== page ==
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ICSs show real potential for sustainable improvements after first year

Desire for rapid change must be balanced against realism on scale and complexity of task ahead

Louise Prime

Friday, 21 September 2018

Integrated care systems (ICSs) are showing encouraging signs of progress and real potential for sustainable improvements in health and care services even though they have only been operating for a year, The King’s Fund has reported*. But it said ICSs must now set tangible improvements in services and outcomes as their key priority, and added that the desire for rapid change must be balanced with realism about the scale and complexity of what is being attempted.

NHS England announced ten areas to develop the first ICSs in June 2017, a further four were selected in May 2018, and more will follow; they were proposed as the future model for the health and care system in England. The report’s authors said their development “represents a fundamental and far-reaching change in how the NHS works across different services and with external partners”, but because there is no national blueprint their development has been locally led.

So that The King’s Fund, an independent charity, could understand how ICSs are developing and identify emerging lessons for local systems and national policy-makers, it conducted interviews with 72 NHS and local government leaders, and other stakeholders, to examine progress in eight of the first-wave ICSs: Bedfordshire, Luton and Milton Keynes ICS; Berkshire West ICS; Buckinghamshire ICS; Dorset ICS; Frimley ICS; Lancashire and South Cumbria ICS; Nottingham and Nottinghamshire ICS; and South Yorkshire and Bassetlaw ICS. It published the resulting report* yesterday.

It found wide variation in the systems’ size and complexity, with the larger ones working to improve health and care through neighbourhoods and places as well as across whole systems, emphasising the principle of subsidiarity.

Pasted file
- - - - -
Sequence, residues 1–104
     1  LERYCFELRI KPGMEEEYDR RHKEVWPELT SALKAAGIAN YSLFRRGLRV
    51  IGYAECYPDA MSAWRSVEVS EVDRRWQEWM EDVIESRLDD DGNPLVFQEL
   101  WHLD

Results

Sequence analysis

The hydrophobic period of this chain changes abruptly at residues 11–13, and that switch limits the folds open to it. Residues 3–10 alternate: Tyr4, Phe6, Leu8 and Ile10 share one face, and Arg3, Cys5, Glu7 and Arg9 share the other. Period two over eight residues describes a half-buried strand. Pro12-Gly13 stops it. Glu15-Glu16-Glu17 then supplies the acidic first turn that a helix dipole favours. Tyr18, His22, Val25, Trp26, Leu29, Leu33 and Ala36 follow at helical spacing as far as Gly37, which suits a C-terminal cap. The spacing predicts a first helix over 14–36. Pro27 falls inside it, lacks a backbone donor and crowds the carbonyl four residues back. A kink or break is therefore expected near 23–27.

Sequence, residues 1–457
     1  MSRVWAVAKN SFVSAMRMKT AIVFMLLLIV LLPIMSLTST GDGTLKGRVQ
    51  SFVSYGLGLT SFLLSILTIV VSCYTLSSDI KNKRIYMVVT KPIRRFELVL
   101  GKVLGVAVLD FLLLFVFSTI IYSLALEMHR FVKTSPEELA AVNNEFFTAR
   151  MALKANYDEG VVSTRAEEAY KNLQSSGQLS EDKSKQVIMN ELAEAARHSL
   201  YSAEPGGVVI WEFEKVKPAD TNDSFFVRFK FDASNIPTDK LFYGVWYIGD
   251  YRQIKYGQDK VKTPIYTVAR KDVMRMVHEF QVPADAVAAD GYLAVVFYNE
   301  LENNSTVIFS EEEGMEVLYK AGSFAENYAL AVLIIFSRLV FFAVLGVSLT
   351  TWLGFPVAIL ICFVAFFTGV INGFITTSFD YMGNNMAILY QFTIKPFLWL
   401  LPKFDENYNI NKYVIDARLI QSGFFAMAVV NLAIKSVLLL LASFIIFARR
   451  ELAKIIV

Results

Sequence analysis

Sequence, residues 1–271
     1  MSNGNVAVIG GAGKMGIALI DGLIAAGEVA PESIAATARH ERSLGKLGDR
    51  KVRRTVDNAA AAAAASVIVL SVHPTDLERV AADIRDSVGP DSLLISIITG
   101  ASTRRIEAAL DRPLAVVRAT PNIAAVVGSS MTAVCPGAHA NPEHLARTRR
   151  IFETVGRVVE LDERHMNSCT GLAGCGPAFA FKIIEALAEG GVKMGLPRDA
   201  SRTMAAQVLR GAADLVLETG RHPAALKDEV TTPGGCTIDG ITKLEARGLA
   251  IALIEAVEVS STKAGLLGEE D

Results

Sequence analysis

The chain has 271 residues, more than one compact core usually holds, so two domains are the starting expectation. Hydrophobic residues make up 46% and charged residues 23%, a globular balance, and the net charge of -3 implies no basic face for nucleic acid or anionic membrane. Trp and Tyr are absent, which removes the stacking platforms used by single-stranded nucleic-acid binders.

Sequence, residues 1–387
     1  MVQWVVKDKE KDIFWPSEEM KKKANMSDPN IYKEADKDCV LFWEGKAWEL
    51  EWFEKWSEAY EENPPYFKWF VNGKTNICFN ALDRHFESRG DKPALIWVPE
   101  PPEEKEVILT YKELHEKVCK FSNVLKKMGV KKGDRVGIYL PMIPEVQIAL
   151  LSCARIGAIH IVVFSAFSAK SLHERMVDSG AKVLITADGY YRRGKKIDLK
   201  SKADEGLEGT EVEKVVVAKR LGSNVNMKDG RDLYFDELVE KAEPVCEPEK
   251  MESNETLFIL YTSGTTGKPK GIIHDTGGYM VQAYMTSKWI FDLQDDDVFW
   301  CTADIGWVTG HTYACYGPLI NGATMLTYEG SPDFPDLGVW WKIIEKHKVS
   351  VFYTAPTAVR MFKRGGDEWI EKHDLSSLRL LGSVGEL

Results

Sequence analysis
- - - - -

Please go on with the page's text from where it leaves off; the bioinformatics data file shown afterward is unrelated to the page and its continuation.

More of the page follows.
It said most ICSs are making progress in developing their capabilities to work as systems, and organisations are working more collaboratively to manage finances and performance in a way that was not happening previously. It also found some early signs of progress in delivering service changes, particularly in relation to strengthening primary care, developing integrated care teams and reviewing how specialist services are delivered. But it noted: “It is early days, and more time is needed to embed these changes and determine their impact.”

Factors that helped progress in local systems included: collaborative relationships; shared vision and purpose; system leadership; clinical leadership and engagement; partnerships with local authorities; a meaningful local identity; established models of integrated working; stability of local finances and performance; funding to support transformation; and a permissive and supportive national programme.

On the other hand factors that posed barriers to progress included: the legislative context does not support the system working; a legacy of competitive behaviours; regulation and oversight is not aligned behind ICSs; frequently changing language and the lack of a clear narrative; leaders face competing demands; and funding pressures can both help and hinder progress.

The King’s Fund authors said the challenge now is to build on the foundations that have been laid by removing such barriers and giving ICS leaders both time and support to take their work to the next stage of development. It argued: “As this happens, the understandable desire to see change happen quickly needs to be married with realism about the scale and complexity of what is being attempted.”

They concluded: “ICSs have only been in operation for a year, but there are encouraging signs of progress. The evidence reported here shows that partner organisations and their leaders are working more collaboratively to manage performance and finances across a system in a way that was not happening previously. Evidence of tangible improvements in services and outcomes is limited to date, but this is to be expected given the brief time ICSs have been in existence. This must be a key priority for all ICSs going forward. We found broad consensus that the ICS model has real potential to bring about improvements in health and care, and to place services on a sustainable footing.”


*Charles A, Wenzel L, Kershaw M, et al. A year of integrated care systems: Reviewing the journey so far. The King’s Fund; published 20 September 2018. ISBN 978-1-909029-87-3.

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